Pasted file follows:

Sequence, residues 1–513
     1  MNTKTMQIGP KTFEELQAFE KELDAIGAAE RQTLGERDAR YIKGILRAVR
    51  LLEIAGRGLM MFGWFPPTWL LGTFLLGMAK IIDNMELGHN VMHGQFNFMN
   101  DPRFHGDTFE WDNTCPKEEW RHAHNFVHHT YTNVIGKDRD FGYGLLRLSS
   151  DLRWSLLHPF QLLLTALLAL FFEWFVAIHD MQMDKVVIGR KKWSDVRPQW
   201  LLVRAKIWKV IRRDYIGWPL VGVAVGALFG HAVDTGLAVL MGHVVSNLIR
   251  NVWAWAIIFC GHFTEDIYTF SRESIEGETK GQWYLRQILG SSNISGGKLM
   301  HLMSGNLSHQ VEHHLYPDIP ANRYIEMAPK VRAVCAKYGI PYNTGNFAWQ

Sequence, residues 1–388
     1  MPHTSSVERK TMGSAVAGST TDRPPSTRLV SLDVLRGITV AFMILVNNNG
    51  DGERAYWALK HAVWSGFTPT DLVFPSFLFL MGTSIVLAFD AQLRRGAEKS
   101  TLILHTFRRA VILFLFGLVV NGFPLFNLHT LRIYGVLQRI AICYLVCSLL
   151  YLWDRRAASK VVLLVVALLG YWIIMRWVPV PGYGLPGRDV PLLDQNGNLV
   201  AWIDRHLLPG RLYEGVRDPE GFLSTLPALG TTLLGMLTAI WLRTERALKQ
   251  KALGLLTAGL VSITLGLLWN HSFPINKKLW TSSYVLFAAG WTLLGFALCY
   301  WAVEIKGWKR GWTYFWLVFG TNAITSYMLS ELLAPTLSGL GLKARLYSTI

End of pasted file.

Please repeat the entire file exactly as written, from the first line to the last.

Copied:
Sequence, residues 1–513
     1  MNTKTMQIGP KTFEELQAFE KELDAIGAAE RQTLGERDAR YIKGILRAVR
    51  LLEIAGRGLM MFGWFPPTWL LGTFLLGMAK IIDNMELGHN VMHGQFNFMN
   101  DPRFHGDTFE WDNTCPKEEW RHAHNFVHHT YTNVIGKDRD FGYGLLRLSS
   151  DLRWSLLHPF QLLLTALLAL FFEWFVAIHD MQMDKVVIGR KKWSDVRPQW
   201  LLVRAKIWKV IRRDYIGWPL VGVAVGALFG HAVDTGLAVL MGHVVSNLIR
   251  NVWAWAIIFC GHFTEDIYTF SRESIEGETK GQWYLRQILG SSNISGGKLM
   301  HLMSGNLSHQ VEHHLYPDIP ANRYIEMAPK VRAVCAKYGI PYNTGNFAWQ

Sequence, residues 1–388
     1  MPHTSSVERK TMGSAVAGST TDRPPSTRLV SLDVLRGITV AFMILVNNNG
    51  DGERAYWALK HAVWSGFTPT DLVFPSFLFL MGTSIVLAFD AQLRRGAEKS
   101  TLILHTFRRA VILFLFGLVV NGFPLFNLHT LRIYGVLQRI AICYLVCSLL
   151  YLWDRRAASK VVLLVVALLG YWIIMRWVPV PGYGLPGRDV PLLDQNGNLV
   201  AWIDRHLLPG RLYEGVRDPE GFLSTLPALG TTLLGMLTAI WLRTERALKQ
   251  KALGLLTAGL VSITLGLLWN HSFPINKKLW TSSYVLFAAG WTLLGFALCY
   301  WAVEIKGWKR GWTYFWLVFG TNAITSYMLS ELLAPTLSGL GLKARLYSTI